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Engineers who once flocked to the mining industry now face stiff resistance from employers when applying for roles in the consulting or public sectors, reports recruiters Hays Engineering. However, honesty can help secure the job.
Simon Bristow, Senior Regional Director of Hays Engineering, said: “Many employers outside resources and mining are hesitant to employ engineering professionals with recent heavy industry experience. Rewind two, three or five years, and the heavy industry was the employer of choice for many engineers who wanted to take advantage of the mining boom.”
“Today many of these same candidates want to move back into the consulting or public sectors, but employers have concerns about their commitment and potential long-term tenure. As a result the transition back into the consulting engineering or public sector from the heavy industry can be challenging for these professionals,” Mr Bristow added.
But while bridging the gap from the heavy industry is difficult, it is not impossible. According to Hays Engineering, they key to making this transition is to be honest.
Mr Bristow continued: “If you want to move into a public sector job, you need to be sincere about why you want the work. The remuneration is substantially less than the heavy industry, so it is important to explain your motivations to your recruiter honestly.”
“If you are only looking for a stop gap until the heavy industry picks up again, let your recruiter know so they can manage both your and the employer’s expectations and look for suitable contracts for you. In addition, if you have previous public sector project experience, highlight your involvement to draw an employer’s attention away from the heavy industry background.”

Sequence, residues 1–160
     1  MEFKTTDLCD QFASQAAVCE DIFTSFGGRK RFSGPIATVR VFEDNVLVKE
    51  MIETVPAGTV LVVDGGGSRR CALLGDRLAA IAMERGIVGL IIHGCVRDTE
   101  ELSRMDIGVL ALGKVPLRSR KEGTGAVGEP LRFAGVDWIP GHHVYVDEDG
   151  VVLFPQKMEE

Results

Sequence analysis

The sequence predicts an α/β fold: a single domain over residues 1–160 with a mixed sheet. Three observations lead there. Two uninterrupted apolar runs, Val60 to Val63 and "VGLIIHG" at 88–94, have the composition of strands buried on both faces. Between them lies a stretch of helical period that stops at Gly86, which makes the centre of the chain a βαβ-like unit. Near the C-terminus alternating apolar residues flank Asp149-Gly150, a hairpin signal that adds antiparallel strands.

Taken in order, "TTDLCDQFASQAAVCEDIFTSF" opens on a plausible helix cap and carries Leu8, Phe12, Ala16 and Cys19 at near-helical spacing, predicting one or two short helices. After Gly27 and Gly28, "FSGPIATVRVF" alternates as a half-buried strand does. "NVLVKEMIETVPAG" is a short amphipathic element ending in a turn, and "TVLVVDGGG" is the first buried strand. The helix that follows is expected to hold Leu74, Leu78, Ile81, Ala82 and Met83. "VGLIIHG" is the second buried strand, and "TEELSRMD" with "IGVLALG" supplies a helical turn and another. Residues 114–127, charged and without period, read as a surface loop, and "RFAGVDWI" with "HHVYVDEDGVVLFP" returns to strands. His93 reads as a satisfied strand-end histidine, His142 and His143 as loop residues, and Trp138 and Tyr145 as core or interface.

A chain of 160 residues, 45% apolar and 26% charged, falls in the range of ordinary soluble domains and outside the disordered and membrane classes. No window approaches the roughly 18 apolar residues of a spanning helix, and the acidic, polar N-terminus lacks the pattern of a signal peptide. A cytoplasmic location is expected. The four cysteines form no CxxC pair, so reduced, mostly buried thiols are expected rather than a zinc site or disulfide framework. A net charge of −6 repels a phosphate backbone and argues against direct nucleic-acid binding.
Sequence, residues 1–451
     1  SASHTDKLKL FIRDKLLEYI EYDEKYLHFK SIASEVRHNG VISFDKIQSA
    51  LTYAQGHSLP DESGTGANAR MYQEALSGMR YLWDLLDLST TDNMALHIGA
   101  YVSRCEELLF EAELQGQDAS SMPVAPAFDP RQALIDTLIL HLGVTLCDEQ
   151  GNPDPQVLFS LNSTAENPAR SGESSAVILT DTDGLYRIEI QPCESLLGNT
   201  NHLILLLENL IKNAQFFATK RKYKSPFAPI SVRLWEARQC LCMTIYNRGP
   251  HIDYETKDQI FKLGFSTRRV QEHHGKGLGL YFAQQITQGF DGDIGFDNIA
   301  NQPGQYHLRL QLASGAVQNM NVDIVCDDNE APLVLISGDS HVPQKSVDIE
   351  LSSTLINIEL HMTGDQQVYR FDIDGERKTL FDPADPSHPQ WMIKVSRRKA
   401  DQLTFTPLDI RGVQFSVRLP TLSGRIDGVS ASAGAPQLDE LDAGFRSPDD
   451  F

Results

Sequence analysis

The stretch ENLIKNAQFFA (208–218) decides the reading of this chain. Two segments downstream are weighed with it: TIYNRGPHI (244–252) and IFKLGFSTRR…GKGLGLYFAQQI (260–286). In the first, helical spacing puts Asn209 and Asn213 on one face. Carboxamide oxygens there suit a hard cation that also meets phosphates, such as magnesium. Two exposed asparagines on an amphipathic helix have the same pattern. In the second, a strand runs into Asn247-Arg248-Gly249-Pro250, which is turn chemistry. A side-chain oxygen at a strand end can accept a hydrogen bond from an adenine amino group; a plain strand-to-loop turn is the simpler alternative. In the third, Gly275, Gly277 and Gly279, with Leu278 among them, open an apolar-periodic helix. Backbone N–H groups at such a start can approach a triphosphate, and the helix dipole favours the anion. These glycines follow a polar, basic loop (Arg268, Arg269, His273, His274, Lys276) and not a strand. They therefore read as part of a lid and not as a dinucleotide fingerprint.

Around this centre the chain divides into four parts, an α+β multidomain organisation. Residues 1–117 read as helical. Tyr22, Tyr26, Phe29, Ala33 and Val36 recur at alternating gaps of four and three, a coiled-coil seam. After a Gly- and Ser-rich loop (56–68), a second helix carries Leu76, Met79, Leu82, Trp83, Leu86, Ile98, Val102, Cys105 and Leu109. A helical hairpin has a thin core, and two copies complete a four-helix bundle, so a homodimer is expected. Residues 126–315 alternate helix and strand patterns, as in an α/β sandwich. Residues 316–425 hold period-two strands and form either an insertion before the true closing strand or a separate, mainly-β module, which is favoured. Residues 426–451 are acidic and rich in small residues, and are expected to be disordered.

“The transition from the heavy industry into other areas of consulting engineering can also be difficult. Again the remuneration is lower than the heavy industry and private sector consultancy employers not operating within the heavy industry usually want candidates with strong networks within their areas of operation.”
“So it’s important that you demonstrate genuine motivation for looking within this area – whether it be for work-life balance, job security or interest in a specific project,” he said.
But given that recent relevant experience is important to any employer, looking for a full time position might be unrealistic.
Mr Bristow concluded: “There are employers who are flexible and provided you can demonstrate a strong work ethic, passion for the industry and a desire to remain in the role long-term, they will be willing to give you an opportunity to make that transition. As a result, candidates often achieve a better work-life balance and non-financial benefits.”
According to the latest Hays Quarterly Hotspots list of jobs in demand, high demand exists for the following candidates:
- Bridge Design Engineers
- Overseas rail experience
- Track Reliability Engineers
- Signalling Engineers & OHL Engineers
- Mid-level Building Structures Design Engineers
- Urban Development Engineers
- Senior Land Development Engineers
- Traffic Engineers
- Revit Drafters
- Asset Managers
To read the full report, please click here.